Saturday, July 24, 2010

Bahasa Indonesia: Esperanto for the Archipelago

At the suggestion of the woman who preceded me in Magelang, I'm using a copy of the Teach Yourself series--appropriately titled, Teach Yourself Indonesian--and podcasts produced by to familiarize myself with Bahasa Indonesia. So far so good; the book provides a solid introduction to the written language while the podcasts make it audible, albeit in very small and halting doses between soothing snippets of gamelan gonging.

A language of national unity, Bahasa Indonesia is based on Malay and at least in books and on tape doesn't borrow too heavily from English for vocabulary. Which seems a little odd, given the country's position on mandating English-language instruction for students. You'd think there would be some carryover. I guess we'll see whether there's more bleed of English into Indonesian than my materials are letting on. Whatever the case, Indonesian is from the outset a politically and philosophically interesting language; it's a kind of Esperanto for an archipelago that's to language what the Galapagos are to fauna.

According to some estimates, Indonesia is home to upward of 700 distinct languages. As Indonesian nationalists sought to unify the former Dutch colony during their struggle for independence after World War II, they promoted Bahasa Indonesia as a linchpin to their enterprise. The language was intentionally promoted and promulgated across the island chain in order to solidify bonds between those whose first languages were and are Javanese or Sundanese or Balinese (not the ZZ Top tune) or Madurese or whatever. Of course, it was also imposed on plenty of otherwise uninterested and deeply resistant speakers of local languages in places like Acheh and East Timor.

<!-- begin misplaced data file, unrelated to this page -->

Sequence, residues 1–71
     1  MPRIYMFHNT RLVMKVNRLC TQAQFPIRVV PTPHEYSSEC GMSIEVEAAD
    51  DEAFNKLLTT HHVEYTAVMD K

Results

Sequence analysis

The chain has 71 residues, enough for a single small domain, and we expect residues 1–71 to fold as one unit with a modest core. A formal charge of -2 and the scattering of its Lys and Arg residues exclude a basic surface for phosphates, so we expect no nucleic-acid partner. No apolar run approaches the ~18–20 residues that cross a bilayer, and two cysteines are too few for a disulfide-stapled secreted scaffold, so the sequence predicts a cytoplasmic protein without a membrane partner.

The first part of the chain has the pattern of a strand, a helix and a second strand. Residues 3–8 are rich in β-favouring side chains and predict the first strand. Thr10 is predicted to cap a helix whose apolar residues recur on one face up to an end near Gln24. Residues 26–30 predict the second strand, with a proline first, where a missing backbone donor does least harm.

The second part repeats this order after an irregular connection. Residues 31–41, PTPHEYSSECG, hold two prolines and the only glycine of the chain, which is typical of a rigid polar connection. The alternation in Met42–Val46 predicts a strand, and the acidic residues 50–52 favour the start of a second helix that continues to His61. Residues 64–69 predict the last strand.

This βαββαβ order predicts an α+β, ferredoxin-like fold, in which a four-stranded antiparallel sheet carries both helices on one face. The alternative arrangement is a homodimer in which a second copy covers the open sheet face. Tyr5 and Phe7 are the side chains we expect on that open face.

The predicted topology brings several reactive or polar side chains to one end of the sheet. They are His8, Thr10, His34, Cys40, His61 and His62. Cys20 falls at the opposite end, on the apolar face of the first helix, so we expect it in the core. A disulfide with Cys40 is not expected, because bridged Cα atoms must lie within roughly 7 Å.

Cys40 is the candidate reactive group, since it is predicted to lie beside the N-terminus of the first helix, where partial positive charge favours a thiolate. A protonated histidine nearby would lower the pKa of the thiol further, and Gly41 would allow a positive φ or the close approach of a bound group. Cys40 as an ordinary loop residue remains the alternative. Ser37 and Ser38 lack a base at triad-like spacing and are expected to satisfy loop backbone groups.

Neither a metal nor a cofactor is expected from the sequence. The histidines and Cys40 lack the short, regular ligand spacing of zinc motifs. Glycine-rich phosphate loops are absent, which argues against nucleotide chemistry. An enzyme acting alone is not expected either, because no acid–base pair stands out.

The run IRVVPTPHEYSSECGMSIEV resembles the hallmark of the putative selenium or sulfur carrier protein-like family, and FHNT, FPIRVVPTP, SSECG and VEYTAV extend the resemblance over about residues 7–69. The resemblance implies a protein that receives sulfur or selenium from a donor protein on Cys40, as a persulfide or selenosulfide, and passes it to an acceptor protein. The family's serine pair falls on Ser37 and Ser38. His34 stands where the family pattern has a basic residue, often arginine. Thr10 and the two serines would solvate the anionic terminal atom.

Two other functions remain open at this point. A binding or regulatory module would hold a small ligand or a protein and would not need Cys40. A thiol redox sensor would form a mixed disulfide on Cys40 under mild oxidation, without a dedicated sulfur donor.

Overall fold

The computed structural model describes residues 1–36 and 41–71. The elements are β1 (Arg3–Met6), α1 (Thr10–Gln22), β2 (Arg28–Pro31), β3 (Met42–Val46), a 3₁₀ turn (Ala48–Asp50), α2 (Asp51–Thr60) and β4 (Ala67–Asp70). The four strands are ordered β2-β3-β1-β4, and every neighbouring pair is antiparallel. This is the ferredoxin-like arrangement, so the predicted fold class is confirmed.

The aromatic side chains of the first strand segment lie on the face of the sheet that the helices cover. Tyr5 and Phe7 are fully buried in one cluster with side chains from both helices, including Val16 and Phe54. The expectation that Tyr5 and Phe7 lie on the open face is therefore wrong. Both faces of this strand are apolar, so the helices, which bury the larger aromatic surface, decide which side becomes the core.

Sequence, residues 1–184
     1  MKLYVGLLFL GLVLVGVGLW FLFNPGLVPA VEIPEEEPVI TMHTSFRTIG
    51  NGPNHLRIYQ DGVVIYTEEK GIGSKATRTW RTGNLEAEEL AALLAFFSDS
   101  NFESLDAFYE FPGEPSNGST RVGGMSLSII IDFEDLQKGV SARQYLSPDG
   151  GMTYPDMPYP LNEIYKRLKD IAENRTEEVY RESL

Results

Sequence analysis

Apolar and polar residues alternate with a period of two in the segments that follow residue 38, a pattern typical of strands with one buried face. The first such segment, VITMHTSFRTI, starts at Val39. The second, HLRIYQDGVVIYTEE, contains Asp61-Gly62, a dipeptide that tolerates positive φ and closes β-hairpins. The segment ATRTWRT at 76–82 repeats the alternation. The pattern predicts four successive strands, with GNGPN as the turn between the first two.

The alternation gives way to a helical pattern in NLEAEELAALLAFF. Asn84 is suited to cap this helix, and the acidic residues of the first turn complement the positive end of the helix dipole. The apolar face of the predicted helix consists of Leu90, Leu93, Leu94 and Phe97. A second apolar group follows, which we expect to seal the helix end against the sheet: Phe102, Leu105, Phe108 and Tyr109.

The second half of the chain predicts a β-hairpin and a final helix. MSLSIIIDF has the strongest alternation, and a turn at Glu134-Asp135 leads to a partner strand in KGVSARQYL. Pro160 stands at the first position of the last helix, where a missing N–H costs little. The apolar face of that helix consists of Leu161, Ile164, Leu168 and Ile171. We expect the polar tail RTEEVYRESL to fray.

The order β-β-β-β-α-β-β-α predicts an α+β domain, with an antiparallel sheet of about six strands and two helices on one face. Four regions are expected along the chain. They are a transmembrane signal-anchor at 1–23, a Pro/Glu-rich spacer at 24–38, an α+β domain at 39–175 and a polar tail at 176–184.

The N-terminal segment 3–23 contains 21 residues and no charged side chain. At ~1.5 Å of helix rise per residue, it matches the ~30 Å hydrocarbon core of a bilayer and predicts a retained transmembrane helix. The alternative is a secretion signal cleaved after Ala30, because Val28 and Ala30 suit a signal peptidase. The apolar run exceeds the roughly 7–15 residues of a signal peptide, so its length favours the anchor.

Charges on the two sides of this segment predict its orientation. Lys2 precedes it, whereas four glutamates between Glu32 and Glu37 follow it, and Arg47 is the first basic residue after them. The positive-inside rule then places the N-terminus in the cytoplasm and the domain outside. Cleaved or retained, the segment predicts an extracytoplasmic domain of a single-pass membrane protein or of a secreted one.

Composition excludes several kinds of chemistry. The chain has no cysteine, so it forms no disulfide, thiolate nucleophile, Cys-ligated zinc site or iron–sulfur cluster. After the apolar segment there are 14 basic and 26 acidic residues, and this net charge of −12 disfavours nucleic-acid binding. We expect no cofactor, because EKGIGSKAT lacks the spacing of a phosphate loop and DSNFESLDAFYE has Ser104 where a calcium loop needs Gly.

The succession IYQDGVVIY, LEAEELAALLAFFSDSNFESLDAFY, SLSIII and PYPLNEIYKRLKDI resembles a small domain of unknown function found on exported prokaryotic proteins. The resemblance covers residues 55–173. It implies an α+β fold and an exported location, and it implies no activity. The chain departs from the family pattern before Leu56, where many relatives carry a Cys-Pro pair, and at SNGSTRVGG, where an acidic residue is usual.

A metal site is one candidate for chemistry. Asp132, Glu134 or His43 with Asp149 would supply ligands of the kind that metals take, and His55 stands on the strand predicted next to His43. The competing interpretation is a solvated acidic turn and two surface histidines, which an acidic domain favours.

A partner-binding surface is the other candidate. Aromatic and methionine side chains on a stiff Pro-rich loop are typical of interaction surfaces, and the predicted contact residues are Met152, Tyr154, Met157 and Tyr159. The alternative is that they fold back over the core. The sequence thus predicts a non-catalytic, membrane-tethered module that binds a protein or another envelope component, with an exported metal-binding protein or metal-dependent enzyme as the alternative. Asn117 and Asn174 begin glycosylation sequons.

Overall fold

But I'm not dealing with the complexities of how Indonesia became an independent state, or how it maintained national cohesion through means considerably more forceful than language. I'll get to that history as I better understand it. What I'm interested in at the outset of my Indonesian language studies is that the official, national language of the country is a second language for almost everyone, and that it's something of a deliberate construct. The language pre-dated the Indonesian nationalist movement but it was appropriated and championed as a political solution to a problem of national unification. This is pretty cool from the perspective of a historian or political scientist, and it's potentially a boon for the student of Indonesian.

As a second language, Bahasa Indonesia has a kind of rough-and-ready, usable quality that seems to invite participation and to accommodate plenty of mistakes. It's spelled phonetically (based on a Latin alphabet), has relatively simple and straightforward pronunciation, and lacks verb tenses. Likewise, nouns stay the same whether singular or plural. Some sources, like the Lonely Planet phrase book, suggest that word order in sentences is also kind of fungible. I'm admittedly just getting started but am gaining some confidence that I'll be able to make myself at least a little clear as I hit the ground next month. Jury's definitely out on that, though.

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